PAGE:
Friday through Sunday

Teen Kanya (Three Daughters, 1955)

This is a trilogy, with three separate short films.

The Postmaster: Newly arrived from Calcutta, Nandalal takes a position as the postmaster of a tiny rural village in Bengal. He has for his servant Ratan, a young orphan girl. She is illiterate, but he teaches her how to read and write. When Nandalal falls ill, Ratan nurses him back to health. Nonetheless, he eventually decides to return to Calcutta, unaware of how attached to him Ratan has become. “A pure and simple small masterpiece.” Pauline Kael. With Anil Chatterjee (Nandalal), Chandana Banerjee (Ratan).

Monihara: In this unusual ghost story, a wealthy man loses everything because of his wife’s obsession with jewels. With Kali Banerjee (Phanibhusan Saha), Kanika Majumdar (Manimalika), Kumar Roy (Madhusudhan), Gobinda Chakravarty (Schoolmaster and narrator).

Samapti: Returning from Calcutta after passing his exams, Amulya spends a few days with his mother, who has arranged for him to marry the daughter of a respectable family. He suggests a different bride, a mischievous adolescent girl whose family has lost their home. The mother finally agrees; but after a difficult wedding night, Amulya cannot face his new circumstances. With Soumitra Chatterjee (Amulya), Aparna Das Gupta (Mrinmoyee).

Directed and written by Satyajit Ray. Satyajit Ray Productions. Based on three short stories, Postmaster, Samapti and Monihara by Rabindranath Tagore. Photographed by Soumendu Roy. Edited by Dulal Dutta. Art direction by Bansi Chandragupta. Music by Satyajit Ray. 171 minutes.

Plays Friday through Sunday (January 18-20) at 4:25.

 

Charulata (The Lonely Wife, 1964)

The location is Calcutta, around 1880. Bhupati, who edits and publishes in his home a political newspaper called The Sentinel, is persuaded that his wife Charulata has special gifts as a writer. When his young cousin Amal comes to live with them, Bhupati asks him to encourage her cultural interests. An increasingly intimate relationship develops between Charulata and Amal.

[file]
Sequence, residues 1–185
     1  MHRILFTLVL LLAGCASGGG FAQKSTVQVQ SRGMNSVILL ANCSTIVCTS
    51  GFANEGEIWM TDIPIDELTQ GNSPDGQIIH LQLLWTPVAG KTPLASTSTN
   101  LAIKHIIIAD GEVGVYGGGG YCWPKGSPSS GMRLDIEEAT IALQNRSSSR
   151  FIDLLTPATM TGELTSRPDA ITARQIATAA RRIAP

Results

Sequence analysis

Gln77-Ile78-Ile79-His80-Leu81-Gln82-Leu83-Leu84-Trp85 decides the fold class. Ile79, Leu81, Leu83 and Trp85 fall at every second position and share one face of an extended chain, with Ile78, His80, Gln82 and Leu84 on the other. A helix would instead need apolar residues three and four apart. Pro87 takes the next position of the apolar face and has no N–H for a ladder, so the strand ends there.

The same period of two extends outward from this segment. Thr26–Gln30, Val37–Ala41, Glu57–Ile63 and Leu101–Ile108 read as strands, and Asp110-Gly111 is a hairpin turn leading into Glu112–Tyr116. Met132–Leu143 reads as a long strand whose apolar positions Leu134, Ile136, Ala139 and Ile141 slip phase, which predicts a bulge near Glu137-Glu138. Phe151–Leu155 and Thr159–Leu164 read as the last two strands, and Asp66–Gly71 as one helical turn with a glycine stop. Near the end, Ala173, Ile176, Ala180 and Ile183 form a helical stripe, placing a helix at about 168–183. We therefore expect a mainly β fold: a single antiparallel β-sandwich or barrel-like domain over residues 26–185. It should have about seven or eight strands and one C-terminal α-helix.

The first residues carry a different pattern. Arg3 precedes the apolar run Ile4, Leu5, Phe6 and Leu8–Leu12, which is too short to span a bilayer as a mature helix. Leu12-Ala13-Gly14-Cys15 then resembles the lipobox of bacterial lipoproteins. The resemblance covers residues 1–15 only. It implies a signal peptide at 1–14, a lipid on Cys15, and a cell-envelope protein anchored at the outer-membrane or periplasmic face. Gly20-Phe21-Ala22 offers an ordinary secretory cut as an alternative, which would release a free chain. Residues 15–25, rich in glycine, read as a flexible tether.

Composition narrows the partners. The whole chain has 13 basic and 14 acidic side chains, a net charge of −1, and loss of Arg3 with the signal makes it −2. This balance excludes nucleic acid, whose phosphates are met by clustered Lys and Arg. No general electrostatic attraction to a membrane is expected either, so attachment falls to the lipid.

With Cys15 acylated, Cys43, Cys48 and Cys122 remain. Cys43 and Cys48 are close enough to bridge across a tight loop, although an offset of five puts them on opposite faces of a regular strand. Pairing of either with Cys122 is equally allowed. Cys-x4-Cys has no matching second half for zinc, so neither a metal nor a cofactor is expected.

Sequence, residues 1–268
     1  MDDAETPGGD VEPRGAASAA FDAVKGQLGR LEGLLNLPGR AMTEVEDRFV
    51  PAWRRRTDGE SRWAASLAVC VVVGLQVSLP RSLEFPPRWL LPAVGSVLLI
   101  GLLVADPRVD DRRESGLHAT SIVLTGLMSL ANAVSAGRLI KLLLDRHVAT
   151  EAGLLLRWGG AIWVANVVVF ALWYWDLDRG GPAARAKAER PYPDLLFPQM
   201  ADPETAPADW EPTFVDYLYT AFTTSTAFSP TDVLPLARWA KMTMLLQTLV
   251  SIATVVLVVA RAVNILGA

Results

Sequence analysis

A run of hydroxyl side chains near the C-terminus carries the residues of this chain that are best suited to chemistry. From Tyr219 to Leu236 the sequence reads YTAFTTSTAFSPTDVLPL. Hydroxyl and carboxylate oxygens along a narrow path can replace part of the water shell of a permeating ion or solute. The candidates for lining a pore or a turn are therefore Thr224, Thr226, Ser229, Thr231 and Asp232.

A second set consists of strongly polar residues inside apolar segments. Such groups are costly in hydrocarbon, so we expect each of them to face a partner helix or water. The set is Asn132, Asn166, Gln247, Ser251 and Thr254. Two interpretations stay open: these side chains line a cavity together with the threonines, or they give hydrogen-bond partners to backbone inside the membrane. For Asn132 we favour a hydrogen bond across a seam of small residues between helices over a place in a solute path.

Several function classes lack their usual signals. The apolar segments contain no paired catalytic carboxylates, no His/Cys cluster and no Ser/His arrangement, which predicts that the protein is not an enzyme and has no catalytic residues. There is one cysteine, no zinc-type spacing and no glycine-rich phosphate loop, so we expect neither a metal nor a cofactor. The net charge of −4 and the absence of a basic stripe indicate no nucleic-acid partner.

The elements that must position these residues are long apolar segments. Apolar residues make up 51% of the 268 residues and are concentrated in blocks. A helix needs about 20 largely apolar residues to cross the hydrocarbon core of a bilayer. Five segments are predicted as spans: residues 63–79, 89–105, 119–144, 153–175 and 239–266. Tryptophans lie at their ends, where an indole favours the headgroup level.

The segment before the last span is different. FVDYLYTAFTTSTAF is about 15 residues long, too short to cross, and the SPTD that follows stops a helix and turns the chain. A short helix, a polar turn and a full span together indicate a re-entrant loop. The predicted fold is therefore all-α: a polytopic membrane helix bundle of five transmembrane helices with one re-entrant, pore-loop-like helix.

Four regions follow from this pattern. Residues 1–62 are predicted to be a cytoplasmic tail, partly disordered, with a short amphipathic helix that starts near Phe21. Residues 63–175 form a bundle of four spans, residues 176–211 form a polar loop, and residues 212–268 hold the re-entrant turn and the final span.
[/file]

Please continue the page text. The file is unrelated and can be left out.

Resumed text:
Meanwhile, another family member embezzles the funds and destroys Bhupati’s hopes for The Sentinel. All he has left is the trust he has placed in Charulata, which now seems compromised.

Charulata is a work of extraordinary richness, humanity, and poetic sensibility. When pressed, Ray identified it as his very best film.

With Madhabi Mukherjee (Charulata), Soumitra Chatterjee (Amal), Sailen Mukherjee (Bhupati), Shyamal Ghosal (Umapada), Gitali Roy (Mandakini), Bholanath Koyal (Braja).

Directed and written by Satyajit Ray. Based on the novel Nastanirh (The Broken Nest) by Rabindranath Tagore. Photographed by Subrata Mitra. Music by Satyajit Ray. 117 minutes.

Plays Friday through Sunday (January 18-20) at 7:30.

 

Mahanagar (The Big City, 1963)

An unassuming employee of a bank in Calcutta has problems providing for the needs of his family. Against established custom, his wife looks for a job. She is successful in her work and gains untraditional self-confidence, but her husband finds it hard to accept the situation. When he loses his job, however, his wife’s work becomes even more essential.

A crisis develops at the office when her friend is unjustly punished by the boss. She resigns on principle but worries about the future. Her husband has gained a new respect for his wife, and they now face the future as partners: “What a big city. So many different jobs. There must be something somewhere for one of us.”

This remarkable film manages to deal sympathetically with the situation of a capable and ambitious woman in a traditional society without denying the humanity of the men in her story.

“One of the very best films we have ever shown at the Stanford Theatre.” David W. Packard.

With Anil Chatterjee (Subrata Mazumdar), Madhabi Mukherjee (Arati Mazumdar), Jaya Badhuri (Bani), Haren Chatterjee (Priyagopal), Vicky Redwood (Edith Simmons).

Directed and written by Satyajit Ray. Produced by R.D. Bansal & Co. Based on the short story Abataranika by Narendranath Mitra. Photographed by Subrata Mitra. Edited by Dulal Dutta. Art direction by Bansi Chandragupta. Music by Satyajit Ray. 131 minutes.

Plays Friday through Sunday (January 18-20) at 9:40; plus additional matinee Sat/Sun at 2:00.